Author and attorney Tara Ross recently explained why she believes the Electoral College remains an excellent system for selecting U.S. presidents — and explored how President John F. Kennedy openly supported the Founders’ intent on the matter.
In a follow-up interview with Faithwire, she pushed back against some of the most prominent critiques of the Electoral College. First and foremost, Ross responded to claims made by opponents that the system is old, antiquated and no longer applicable, saying this argument is based on faulty assumptions about why the Founders first embraced it.
“When people make a comment like that, they are usually referring to issues with travel and communications that existed in the late 1700s. My response to that is simple: The Electoral College wasn’t created because of problems with communication and travel!” Ross said. “The system was created because the Founders knew that humans are imperfect. Power corrupts. Bare majorities can act in emotion or selfishness and tyrannize even very large minority groups.”
She said the Founders opted for a system of constitutional checks and balances in an effort to protect the nation against the flaws of human nature — flaws that have not changed since the drafting of the Constitution.
“Humans are still imperfect,” Ross said. “The Electoral College — and every other check and balance in our Constitution — is still needed.”
Listen to Ross discuss these issues at the 2:30-mark below:
The attorney and author also responded to critiques surrounding the purported disconnect between states’ populations and the numbers of electoral votes that are allocated for each. One such critique that was recently waged on Twitter read, “I think it’s problematic that Colorado has 10x the people of Wyoming, but only 3x the electoral votes. Don’t you?”
Ross, however, responded that she doesn’t see this paradigm as problematic at all, and offered up some background she believes will help in understanding why, from her view, this argument doesn’t hold much sway.
“The Founders were looking to create something better than a simple democracy. They knew that simple majorities should not be able to rule without any regard for minority groups,” she said. “But here’s the flip side: Should small minority groups dictate to large majorities? Of course not. Rhode Island should not be able to order California around. The state should have enough power to defend itself, but not so much power that America has ceased to be truly self-governing.”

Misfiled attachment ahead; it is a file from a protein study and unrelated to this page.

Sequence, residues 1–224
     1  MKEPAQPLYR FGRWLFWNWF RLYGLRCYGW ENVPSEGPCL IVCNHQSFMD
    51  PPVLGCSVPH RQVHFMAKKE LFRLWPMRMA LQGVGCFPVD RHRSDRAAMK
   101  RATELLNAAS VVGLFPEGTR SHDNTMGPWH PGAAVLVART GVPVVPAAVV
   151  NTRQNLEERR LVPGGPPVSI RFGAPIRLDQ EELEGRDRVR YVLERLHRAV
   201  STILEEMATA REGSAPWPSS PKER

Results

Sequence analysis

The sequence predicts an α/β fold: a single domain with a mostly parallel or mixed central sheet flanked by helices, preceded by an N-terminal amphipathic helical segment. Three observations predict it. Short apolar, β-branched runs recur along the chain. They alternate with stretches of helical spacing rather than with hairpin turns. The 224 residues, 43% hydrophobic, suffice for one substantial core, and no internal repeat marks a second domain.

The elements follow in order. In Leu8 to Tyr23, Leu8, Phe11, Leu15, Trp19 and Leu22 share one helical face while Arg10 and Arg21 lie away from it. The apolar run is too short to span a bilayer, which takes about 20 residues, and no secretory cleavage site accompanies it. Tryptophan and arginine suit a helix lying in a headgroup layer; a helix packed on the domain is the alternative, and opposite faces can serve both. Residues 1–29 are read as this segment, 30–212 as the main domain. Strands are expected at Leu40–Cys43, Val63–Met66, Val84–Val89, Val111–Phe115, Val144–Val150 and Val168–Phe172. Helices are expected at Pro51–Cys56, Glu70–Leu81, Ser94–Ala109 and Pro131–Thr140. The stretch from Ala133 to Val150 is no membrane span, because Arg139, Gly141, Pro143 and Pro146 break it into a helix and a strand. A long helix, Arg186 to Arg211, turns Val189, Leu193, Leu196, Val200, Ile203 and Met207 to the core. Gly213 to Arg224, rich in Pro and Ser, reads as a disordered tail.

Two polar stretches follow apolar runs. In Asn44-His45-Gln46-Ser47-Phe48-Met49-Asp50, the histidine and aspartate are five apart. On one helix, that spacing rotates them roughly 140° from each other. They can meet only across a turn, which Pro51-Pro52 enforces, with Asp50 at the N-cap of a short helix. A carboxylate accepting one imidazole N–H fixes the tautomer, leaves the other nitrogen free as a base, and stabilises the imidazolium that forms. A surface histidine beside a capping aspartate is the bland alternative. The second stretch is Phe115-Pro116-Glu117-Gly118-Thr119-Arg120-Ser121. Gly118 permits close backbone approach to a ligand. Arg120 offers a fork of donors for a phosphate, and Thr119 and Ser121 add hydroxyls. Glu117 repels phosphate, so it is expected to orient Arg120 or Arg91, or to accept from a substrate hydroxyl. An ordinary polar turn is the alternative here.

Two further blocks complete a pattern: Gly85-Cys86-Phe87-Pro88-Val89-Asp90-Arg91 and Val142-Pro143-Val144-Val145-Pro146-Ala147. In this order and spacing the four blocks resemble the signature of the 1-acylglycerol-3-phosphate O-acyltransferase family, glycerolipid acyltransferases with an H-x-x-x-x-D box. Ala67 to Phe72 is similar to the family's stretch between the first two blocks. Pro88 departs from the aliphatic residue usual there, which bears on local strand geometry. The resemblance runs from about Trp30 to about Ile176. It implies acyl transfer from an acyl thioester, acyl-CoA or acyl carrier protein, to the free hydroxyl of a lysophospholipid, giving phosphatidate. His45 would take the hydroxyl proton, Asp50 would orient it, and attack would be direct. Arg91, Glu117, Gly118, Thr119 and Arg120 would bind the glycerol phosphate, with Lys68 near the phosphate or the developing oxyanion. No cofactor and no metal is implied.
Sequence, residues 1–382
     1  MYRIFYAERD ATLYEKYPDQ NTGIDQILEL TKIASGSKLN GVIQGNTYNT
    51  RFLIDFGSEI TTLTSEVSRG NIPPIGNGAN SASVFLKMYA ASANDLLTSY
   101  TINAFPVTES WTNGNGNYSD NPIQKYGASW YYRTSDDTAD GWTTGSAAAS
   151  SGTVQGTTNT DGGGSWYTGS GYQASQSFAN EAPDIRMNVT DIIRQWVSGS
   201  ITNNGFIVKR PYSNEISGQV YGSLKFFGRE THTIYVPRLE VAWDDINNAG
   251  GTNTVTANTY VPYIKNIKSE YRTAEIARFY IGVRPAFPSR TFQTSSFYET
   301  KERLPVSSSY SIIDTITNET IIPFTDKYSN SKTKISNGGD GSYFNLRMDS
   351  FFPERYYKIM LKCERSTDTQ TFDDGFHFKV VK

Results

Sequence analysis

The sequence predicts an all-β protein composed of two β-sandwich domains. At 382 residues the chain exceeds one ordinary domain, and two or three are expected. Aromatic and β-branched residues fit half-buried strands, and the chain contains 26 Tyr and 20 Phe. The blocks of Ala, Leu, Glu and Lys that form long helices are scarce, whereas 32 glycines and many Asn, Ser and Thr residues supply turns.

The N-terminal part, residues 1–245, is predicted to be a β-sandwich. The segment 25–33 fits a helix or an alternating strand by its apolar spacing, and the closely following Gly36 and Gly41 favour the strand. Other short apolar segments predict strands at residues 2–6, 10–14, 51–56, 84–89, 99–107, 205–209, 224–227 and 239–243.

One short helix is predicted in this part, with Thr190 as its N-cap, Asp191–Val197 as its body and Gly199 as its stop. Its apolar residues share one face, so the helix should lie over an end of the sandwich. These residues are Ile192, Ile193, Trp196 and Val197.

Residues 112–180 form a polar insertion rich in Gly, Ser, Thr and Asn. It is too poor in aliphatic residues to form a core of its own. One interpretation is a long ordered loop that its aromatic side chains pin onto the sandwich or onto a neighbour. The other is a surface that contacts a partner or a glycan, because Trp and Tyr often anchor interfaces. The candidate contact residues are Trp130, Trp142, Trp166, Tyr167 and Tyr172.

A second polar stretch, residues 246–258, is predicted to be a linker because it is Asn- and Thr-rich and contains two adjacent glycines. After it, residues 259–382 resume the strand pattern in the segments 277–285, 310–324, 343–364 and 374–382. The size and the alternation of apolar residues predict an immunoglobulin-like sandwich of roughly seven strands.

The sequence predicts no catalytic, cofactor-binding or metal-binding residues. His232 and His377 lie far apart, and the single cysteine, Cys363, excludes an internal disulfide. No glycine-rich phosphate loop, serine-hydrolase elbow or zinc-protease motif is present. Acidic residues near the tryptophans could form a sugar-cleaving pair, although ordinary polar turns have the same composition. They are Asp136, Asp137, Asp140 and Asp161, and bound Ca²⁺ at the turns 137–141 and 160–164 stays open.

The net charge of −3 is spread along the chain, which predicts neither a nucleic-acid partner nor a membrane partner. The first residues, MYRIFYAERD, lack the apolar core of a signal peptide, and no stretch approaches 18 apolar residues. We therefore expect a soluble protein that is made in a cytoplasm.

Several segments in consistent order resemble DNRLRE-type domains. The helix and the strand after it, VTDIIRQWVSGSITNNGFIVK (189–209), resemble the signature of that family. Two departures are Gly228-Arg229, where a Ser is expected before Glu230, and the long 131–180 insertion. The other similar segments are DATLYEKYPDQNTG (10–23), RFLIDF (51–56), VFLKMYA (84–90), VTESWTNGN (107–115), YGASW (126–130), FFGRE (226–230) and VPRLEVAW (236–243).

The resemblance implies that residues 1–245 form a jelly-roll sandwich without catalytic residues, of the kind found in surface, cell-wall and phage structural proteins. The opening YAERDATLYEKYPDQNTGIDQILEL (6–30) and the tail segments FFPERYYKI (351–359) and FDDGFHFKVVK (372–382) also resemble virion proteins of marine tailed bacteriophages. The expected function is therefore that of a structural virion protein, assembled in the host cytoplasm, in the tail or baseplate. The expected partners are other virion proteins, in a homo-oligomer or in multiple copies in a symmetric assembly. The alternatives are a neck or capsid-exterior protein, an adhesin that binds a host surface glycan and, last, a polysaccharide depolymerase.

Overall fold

Ross went on to explain that the specific Twitter critique actually proves to her that the “Founders struck a nice balance,” seeing as Colorado’s population size would clearly mean that the state would always outvote Wyoming in a direct election.
“Colorado has a little over 9x the number of people in Wyoming; its ability to outvote Wyoming in a regular national popular vote seems like a tad too much!” she said. “On the other hand, Colorado has only 3x the number of electoral votes, which indicates that the Electoral College is helping to mitigate the harshness of that popular vote difference just a bit.”
Ross reiterated that Colorado still has more electoral votes than Wyoming (9 vs. 3), instilling what she sees as a fair system (i.e.: the state still has more power and sway in the overarching electoral paradigm than the smaller-populated Wyoming).
As Faithwire reported on Thursday, Ross also took aim at critics’ claim that “the Electoral College was established because of slavery,” saying this simply isn’t the case.
“I get tired of such attempts to undermine our heritage. Yes, some of our Founders owned slaves. It was a terrible, horrible flaw. But our Constitution is far more than just a ‘relic of slavery,’” Ross said. “The delegates who met at the Constitutional Convention were well-educated, wise men. They were students of history; they’d studied political philosophy. They were relatively free of partisan motivations. The biggest allegiances that they owed were to their home states.”
And while Ross clearly favors the electoral college, critics, again, claim it’s antiquated and gives too much power to smaller states. The college is made up of 538 electors; each state receives a combined number of electoral college votes equal to the number of House members that represent it as well as the two senators allocated to each state.
Most states have a winner-takes-all mentality, as I noted earlier this year in an article for Deseret News.
Critics say the system grants too much power to smaller states, and has led to scenarios (five elections since America’s founding, to be exact) in which the candidate who wins the popular vote can still lose in the Electoral College, as was the case with Trump and Clinton.
Read more about the critiques here and learn more about Ross’ books, including “Enlightened Democracy: The Case for the Electoral College.”
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